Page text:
word-forming element of Latin origin meaning "bad, badly, ill, poorly, wrong, wrongly," from French mal (adv.), from Old French mal (adj., adv.) "evil, ill, wrong, wrongly" (9c.), from Latin male (adv.) "badly," or malus (adj.) "bad, evil" (fem. mala, neuter malum), from Proto-Italic *malo-, from PIE *mol-o-, probably from PIE root *mel- (3) "false, bad, wrong."
Most Modern English words with this element are 19c. coinages. It generally implies imperfection or deficiency, but often it is simply negative (as in malfeasance, malcontent). It is equivalent to dys- and caco- of Greek origin and Germanic mis- (1).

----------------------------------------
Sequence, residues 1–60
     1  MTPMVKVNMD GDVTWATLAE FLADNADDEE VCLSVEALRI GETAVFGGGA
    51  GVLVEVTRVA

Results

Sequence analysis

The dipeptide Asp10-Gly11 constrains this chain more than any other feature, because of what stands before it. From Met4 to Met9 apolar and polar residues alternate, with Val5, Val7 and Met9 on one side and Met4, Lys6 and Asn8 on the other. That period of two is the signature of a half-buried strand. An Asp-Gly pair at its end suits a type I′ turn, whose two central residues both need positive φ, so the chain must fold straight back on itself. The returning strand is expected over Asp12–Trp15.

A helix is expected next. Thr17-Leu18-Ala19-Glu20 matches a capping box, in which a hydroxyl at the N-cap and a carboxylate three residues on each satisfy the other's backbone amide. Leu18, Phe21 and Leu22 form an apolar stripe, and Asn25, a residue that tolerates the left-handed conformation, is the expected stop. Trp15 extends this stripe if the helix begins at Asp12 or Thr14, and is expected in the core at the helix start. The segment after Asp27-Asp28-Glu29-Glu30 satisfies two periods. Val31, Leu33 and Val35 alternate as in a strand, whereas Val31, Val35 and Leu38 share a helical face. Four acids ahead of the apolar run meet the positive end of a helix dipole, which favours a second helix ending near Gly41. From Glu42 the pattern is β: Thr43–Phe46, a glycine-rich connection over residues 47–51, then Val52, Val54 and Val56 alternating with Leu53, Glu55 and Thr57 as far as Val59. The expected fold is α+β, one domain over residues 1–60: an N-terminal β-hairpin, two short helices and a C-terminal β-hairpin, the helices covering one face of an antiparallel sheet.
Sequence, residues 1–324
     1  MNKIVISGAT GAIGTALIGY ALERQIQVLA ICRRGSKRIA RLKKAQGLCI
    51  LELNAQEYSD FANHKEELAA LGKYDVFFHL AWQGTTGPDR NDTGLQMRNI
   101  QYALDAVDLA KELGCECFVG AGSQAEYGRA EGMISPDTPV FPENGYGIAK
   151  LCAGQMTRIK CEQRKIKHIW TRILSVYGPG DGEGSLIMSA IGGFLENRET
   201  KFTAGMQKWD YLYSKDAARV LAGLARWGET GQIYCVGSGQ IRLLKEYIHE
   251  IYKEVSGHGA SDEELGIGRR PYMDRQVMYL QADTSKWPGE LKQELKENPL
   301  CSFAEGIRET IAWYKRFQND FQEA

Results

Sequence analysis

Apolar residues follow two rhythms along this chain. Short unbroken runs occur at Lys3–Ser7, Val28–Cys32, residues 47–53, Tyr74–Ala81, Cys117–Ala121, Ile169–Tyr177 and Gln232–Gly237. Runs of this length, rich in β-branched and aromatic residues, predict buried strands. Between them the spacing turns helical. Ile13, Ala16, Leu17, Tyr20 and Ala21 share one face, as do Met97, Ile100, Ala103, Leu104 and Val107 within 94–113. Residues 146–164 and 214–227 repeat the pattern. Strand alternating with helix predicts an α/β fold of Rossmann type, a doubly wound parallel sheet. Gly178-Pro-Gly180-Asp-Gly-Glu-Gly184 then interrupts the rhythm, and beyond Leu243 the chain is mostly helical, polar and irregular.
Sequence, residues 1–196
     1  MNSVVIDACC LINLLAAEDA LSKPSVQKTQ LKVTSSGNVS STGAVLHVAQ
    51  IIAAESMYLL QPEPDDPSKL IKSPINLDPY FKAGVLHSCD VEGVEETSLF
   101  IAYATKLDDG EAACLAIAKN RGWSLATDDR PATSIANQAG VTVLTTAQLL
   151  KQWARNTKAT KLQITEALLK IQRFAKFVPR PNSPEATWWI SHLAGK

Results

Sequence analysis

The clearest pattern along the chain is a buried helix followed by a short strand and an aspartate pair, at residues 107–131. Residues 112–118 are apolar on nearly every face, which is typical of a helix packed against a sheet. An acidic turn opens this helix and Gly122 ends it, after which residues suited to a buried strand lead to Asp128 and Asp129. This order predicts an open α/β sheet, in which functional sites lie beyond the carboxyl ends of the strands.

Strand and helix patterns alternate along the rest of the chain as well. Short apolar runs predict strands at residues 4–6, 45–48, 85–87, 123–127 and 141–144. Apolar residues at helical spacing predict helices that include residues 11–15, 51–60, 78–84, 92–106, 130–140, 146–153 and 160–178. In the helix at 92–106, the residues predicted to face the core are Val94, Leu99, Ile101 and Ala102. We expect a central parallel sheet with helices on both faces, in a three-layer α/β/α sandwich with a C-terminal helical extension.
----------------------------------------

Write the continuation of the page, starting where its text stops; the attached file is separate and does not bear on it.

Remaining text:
1530s, "child-rearing," also "the training of animals," from French education (14c.) and directly from Latin educationem (nominative educatio) "a rearing, training," noun of action from past-participle stem of educare (see educate). Originally of instruction in social codes and manners; meaning "systematic schooling and training for work" is from 1610s.
All education is despotism. [William Godwin, "Enquirer," 1797]
<a href="https://www.etymonline.com/word/maleducation">Etymology of maleducation by etymonline</a>
Harper, D. (n.d.). Etymology of maleducation. Online Etymology Dictionary. Retrieved $(datetime), from https://www.etymonline.com/word/maleducation